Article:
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State Broadband Data Award Winners Eligible for Additional Mapping Funds

WASHINGTON, June 1, 2010 – The National Telecommunications and Information Administration has announced that state governments and other awardees in its State Broadband Data and Development Grant Program may seek funding for up to three additional years of broadband mapping work.

Broadband Breakfast Staff

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WASHINGTON, June 1, 2010 – The National Telecommunications and Information Administration has announced that state governments and other awardees in its State Broadband Data and Development Grant Program may seek funding for up to three additional years of broadband mapping work.

“Many communities are being left behind in the 21st Century economy and need improved broadband access and adoption to compete,” said NTIA Administrator Larry Strickling. “Given the growing economic importance of broadband services, better data and strategic planning are needed on the state level. This will help us increase broadband availability and use across the country, which is critical to our global competitiveness.”

The grant program was launched last year with a primary goal of assisting states in gathering data on the availability, speed and location of broadband services. The data they compile and display will be used to create an interactive national broadband map that NTIA is required by law to produce and make publicly available by Feb. 17, 2011.

The map, which NTIA plans to update every six months, will assist consumers with better information on the broadband services available to them and inform policymakers’ efforts to increase broadband availability nationwide.

NTIA originally funded state data collection efforts for a two-year period, allowing the agency to assess initial state activities before awarding funding for the remainder of this five-year initiative. With the program well underway, states (or their designees) can now apply for funding under the existing program rules for three additional years of mapping and data collection work.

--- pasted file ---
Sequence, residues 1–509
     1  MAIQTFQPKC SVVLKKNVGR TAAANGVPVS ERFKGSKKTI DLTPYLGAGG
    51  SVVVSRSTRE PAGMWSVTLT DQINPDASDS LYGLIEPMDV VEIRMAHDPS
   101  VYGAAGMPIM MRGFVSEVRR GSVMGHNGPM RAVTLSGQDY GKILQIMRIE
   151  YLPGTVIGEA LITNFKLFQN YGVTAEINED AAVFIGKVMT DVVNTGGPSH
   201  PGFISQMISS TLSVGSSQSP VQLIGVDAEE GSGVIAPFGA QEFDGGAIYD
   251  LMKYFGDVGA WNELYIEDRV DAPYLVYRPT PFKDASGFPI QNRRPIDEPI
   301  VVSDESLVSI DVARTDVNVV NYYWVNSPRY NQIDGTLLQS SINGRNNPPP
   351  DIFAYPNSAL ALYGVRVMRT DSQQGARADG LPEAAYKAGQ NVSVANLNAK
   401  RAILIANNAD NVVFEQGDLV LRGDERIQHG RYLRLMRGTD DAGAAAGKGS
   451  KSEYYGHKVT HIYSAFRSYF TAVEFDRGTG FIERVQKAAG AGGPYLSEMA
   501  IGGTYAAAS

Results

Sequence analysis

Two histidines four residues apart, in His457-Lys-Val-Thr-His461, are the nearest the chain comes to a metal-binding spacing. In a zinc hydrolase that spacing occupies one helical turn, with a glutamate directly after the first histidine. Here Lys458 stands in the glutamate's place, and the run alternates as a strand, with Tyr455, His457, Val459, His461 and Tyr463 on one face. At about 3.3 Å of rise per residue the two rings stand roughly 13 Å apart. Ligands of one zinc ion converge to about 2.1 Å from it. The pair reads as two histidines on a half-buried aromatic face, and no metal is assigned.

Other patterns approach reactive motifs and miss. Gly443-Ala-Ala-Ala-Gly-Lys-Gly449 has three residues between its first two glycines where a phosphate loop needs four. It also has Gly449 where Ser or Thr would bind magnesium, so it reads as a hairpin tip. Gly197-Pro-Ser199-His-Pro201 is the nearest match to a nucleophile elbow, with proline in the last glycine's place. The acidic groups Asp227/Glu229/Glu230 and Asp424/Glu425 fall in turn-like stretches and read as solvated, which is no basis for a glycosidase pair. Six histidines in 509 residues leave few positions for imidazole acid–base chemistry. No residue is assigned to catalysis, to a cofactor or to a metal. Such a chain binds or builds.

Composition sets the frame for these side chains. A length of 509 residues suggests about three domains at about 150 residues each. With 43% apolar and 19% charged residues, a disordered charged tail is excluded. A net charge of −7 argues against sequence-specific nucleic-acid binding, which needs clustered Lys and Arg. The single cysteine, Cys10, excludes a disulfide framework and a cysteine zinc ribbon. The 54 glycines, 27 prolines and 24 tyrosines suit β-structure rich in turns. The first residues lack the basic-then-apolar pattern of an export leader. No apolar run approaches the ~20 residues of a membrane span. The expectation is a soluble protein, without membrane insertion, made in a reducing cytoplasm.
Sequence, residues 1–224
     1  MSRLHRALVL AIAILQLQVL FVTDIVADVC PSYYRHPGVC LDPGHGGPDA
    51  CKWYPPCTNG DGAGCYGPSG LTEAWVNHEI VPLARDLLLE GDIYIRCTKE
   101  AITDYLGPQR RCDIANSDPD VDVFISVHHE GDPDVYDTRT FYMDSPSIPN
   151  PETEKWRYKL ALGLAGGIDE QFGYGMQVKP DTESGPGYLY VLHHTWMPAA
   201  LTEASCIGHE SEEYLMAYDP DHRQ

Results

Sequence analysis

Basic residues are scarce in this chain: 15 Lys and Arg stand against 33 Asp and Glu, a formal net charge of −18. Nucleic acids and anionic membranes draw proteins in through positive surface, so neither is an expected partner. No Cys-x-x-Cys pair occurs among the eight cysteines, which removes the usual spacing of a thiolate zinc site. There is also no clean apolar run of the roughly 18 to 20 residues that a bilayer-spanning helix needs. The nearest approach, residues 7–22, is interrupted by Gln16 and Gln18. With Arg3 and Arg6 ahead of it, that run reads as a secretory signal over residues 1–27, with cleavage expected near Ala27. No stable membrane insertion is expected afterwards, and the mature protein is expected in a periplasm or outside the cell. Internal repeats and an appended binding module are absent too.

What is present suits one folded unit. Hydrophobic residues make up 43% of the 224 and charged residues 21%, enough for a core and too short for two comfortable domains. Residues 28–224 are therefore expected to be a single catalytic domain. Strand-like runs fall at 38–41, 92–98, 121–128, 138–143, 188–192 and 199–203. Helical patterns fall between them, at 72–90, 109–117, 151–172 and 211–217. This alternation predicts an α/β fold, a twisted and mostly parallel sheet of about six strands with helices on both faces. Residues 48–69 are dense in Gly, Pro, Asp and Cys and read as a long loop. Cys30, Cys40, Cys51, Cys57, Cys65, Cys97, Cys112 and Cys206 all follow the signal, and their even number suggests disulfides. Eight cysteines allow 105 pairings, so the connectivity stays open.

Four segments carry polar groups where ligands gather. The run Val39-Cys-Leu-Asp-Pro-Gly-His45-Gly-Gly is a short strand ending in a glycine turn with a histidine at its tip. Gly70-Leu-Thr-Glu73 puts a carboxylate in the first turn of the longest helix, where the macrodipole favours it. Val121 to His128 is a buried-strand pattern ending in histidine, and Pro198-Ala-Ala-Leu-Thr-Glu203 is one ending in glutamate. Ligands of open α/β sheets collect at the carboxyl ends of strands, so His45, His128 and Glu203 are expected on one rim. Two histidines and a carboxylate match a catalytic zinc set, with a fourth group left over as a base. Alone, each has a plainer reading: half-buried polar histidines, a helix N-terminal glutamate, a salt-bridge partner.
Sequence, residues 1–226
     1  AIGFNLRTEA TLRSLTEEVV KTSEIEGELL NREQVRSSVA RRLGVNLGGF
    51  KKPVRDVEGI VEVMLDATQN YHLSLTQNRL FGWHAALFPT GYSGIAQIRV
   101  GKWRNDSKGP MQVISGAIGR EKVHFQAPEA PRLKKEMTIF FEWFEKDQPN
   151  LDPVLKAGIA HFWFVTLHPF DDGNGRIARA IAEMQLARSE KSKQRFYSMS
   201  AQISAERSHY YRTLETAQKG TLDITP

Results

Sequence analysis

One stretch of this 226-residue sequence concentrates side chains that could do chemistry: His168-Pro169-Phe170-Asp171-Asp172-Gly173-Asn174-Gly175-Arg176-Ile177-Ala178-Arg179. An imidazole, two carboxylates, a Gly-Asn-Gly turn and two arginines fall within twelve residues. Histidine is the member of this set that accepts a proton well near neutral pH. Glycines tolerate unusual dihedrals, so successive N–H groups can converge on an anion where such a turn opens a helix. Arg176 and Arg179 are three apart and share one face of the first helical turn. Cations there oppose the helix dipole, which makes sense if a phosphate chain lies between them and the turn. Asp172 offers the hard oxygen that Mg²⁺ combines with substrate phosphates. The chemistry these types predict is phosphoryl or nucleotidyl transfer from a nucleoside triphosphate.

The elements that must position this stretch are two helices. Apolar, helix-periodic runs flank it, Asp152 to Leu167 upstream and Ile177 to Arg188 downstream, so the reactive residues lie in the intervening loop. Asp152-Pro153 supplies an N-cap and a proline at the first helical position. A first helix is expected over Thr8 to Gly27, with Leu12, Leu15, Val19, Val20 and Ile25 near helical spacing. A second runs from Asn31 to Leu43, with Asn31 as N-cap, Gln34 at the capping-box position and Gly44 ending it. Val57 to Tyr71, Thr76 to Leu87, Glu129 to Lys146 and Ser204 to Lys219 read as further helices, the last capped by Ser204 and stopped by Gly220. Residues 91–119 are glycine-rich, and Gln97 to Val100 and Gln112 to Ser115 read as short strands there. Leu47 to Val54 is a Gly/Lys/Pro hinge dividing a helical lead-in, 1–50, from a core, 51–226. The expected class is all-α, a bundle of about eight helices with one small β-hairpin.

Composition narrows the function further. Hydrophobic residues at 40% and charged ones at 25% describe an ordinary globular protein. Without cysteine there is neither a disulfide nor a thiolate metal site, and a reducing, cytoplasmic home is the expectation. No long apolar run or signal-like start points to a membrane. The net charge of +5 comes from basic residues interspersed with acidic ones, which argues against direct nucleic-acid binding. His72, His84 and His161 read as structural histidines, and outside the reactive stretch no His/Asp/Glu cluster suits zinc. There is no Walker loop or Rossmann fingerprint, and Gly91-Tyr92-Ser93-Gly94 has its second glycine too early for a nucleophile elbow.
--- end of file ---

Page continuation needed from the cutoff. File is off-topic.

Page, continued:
The agency said that states also may seek funding for other initiatives, including state broadband task forces or advisory boards, technical assistance programs, local or regional technology planning efforts, and programs to promote increased computer ownership and internet usage.

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U.S. Broadband Deployment and Speeds are Beating Europe’s, Says Scholar Touting ‘Facilities-based Competition’

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WASHINGTON, June 1, 2010 – The National Telecommunications and Information Administration has announced that state governments and other awardees in its State Broadband Data and Development Grant Program may seek funding for up to three additional years of broadband mapping work.

“Many communities are being left behind in the 21st Century economy and need improved broadband access and adoption to compete,” said NTIA Administrator Larry Strickling. “Given the growing economic importance of broadband services, better data and strategic planning are needed on the state level. This will help us increase broadband availability and use across the country, which is critical to our global competitiveness.”

The grant program was launched last year with a primary goal of assisting states in gathering data on the availability, speed and location of broadband services. The data they compile and display will be used to create an interactive national broadband map that NTIA is required by law to produce and make publicly available by Feb. 17, 2011.

The map, which NTIA plans to update every six months, will assist consumers with better information on the broadband services available to them and inform policymakers’ efforts to increase broadband availability nationwide.

NTIA originally funded state data collection efforts for a two-year period, allowing the agency to assess initial state activities before awarding funding for the remainder of this five-year initiative. With the program well underway, states (or their designees) can now apply for funding under the existing program rules for three additional years of mapping and data collection work.

The agency said that states also may seek funding for other initiatives, including state broadband task forces or advisory boards, technical assistance programs, local or regional technology planning efforts, and programs to promote increased computer ownership and internet usage.

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Broadband Updates

Discussion of Broadband Breakfast Club Virtual Event on High-Capacity Applications and Gigabit Connectivity